Review: Elizabeth & Elizabeth by Sue Williams

Title: Elizabeth & Elizabeth

Author: Sue Williams

Published: 5th January 2020, Allen & Unwin

Status: Read January 2021 courtesy Allen & Unwin

++++++

My Thoughts:

Based on the lives of Elizabeth ‘Betsey’ Macquarie, the wife of Australian colonel governor Lachlan Macquarie, and Elizabeth Macarthur, the wife of a prosperous colonial woolgrower, Sue Williams blends fact with fiction to present an interesting story of adversity, courage, love, and friendship in Elizabeth & Elizabeth.

Thirty one year old Betsey Macquarie arrived in Sydneytown with her new husband, Lachlan, who was to replace Captain Bligh as governor, in December of 1809. Viewing the appointment as an adventure, with her keen interest in architecture, landscaping and social welfare, Betsey had hopes of working alongside her husband to grow the colony.

At the time of Betsey’s arrival in New South Wales, Elizabeth Macarthur, had been living in the colony for twenty years. Her husband John, a Corps officer and successful grazier had been called to England to answer charges of sedition for his role in unseating Captain Bligh, leaving Elizabeth to manage their home farm, three daughters, and Camden Park estate, where they raised their valuable flock of merino sheep.

In this novel Williams conjures a friendship between the two women that overlooks the political enmity of their husbands. Both intelligent, strong, and practical women, Elizabeth and Elizabeth grow to respect and admire one another despite their differences, and become confidantes. The friendship is delightfully rendered by Williams, and permits her to present a well-rounded picture of the ‘Elizabeth’s’ lives, disabusing history’s notion they were simply no more than extensions of their husbands.

History favours the role of men in the building of our nation, but Elizabeth & Elizabeth gives these two women credit for contributions to the betterment of the colony. Williams suggests Betsey was the driving force behind the design and construction of several of Sydneytown’s public buildings, including The Courthouse and St James Church, the ‘Rum’ Hospital, and The Female Factory in Parramatta, and the development of what is now known as The Royal Botanic Gardens. Her support of her husband was also crucial to his many accomplishments as governor, despite the opposition he faced from ‘exclusivists’. Elizabeth Macarthur’s role in developing the family’s wool export business is better recognised today, though her husband continues to garner the lions share of credit. In her husband’s long absence from the colony however, she ably managed their extensive holdings, and oversaw the improvement of the merino flock that solidified their fortune.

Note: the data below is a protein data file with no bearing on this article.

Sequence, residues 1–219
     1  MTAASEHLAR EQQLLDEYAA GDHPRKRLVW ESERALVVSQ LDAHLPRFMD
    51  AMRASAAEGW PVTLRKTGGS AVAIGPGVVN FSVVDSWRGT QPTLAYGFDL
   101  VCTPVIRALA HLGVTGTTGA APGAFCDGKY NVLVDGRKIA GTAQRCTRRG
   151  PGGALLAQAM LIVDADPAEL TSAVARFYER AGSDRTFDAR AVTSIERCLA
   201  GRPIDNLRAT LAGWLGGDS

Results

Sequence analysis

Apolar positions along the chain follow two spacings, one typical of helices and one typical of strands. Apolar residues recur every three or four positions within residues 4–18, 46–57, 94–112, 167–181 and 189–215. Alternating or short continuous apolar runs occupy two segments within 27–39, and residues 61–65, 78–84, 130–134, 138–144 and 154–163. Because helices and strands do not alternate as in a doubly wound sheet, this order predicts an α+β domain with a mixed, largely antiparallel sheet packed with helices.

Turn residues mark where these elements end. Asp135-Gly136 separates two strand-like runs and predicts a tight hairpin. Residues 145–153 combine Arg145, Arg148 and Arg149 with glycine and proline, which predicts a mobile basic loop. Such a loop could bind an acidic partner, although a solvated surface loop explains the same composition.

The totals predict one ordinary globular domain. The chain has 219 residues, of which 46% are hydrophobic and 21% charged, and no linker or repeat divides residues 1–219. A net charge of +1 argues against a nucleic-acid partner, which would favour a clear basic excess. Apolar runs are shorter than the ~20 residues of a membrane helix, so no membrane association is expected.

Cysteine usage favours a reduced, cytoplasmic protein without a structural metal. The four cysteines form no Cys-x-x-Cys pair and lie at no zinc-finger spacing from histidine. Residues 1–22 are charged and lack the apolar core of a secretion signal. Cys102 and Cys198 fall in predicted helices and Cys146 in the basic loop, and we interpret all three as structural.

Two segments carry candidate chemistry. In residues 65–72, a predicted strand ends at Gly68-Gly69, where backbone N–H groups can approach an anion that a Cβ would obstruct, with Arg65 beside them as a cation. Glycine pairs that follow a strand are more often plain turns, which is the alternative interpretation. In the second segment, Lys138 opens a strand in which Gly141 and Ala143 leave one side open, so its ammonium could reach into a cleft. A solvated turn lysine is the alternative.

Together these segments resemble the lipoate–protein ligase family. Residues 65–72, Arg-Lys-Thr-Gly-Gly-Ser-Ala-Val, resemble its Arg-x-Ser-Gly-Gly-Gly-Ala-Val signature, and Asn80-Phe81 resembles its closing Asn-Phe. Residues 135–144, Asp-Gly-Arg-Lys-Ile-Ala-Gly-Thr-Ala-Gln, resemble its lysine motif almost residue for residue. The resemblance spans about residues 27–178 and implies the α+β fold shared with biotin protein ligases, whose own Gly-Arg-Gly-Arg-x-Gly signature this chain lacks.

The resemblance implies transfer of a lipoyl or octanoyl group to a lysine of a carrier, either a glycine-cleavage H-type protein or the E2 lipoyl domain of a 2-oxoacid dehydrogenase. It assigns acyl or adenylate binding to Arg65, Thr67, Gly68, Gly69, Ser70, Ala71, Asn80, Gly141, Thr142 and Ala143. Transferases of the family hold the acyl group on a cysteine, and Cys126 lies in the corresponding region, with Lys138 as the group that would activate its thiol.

Well-written, rich in historical detail and engaging, Elizabeth & Elizabeth is a lovely novel and recommended reading especially for those interested in Australia’s past.

++++++

Available from Allen & Unwin RRP AUD$29.99

Or from your preferred retailer via Booko I Book Depository I Booktopia

11 Comments (+add yours?)

  1. Stephanie @ Bookfever
    Jan 13, 2021 @ 00:55:54

    I’m gonna add this book on my wishlist now. It sounds amazing and something I would adore!

    Liked by 1 person

    Reply

  2. Mystica
    Jan 13, 2021 @ 01:11:58

    I like the historical detail because I know very little of Australian history.

    Liked by 1 person

    Reply

  3. Davida Chazan
    Jan 13, 2021 @ 18:48:47

    Yes, this does sound interesting – thanks!

    Liked by 1 person

    Reply

  4. Lexlingua
    Jan 14, 2021 @ 02:14:54

    Interesting parallel between the lives of two very different women. I like the duplication in the title too. The City and the City by China Miéville is SFF, a very different genre, but draws a similar parallel to compare twin cities, with the same repetition in the book title.

    Liked by 1 person

    Reply

  5. Helen Murdoch
    Jan 15, 2021 @ 05:57:03

    I like the idea of placing women (and other marginalized groups) into the historical story and enjoy historical fiction so this one sounds good.

    Liked by 1 person

    Reply

  6. Deb Nance at Readerbuzz
    Jan 16, 2021 @ 04:25:46

    I wonder if this book will make its way over here to the US. We don’t get many opportunities to read historical fiction set in Australia.

    Liked by 1 person

    Reply

  7. Tina
    Jan 17, 2021 @ 07:08:50

    That looks great. I read quite a bit about Lachlan MacQuarie in the 12 book series The Australians by William Stuart Long. It’s a female author but writes under that pen name. I loved the stories in that histoical fiction and I think this one has to go on my list, Off to search for the title.

    Liked by 1 person

    Reply

  8. Trackback: It’s Monday! What Are You Reading? #SundayPost #SundaySalon | book'd out
  9. Trackback: Sue Williams' Elizabeth & Elizabeth: Story of determination
  10. Books and livres (@AndLivres)
    Jan 20, 2021 @ 19:50:08

    Just added it to my TBR, I sadly know next to nothing about Australian history…

    Liked by 1 person

    Reply

  11. Laura Pond
    Feb 26, 2021 @ 05:10:09

    What a lovely title for a book! I haven’t read any historical fiction taking place in Australia. I will have to put this book in my tbr list.

    Liked by 1 person

    Reply

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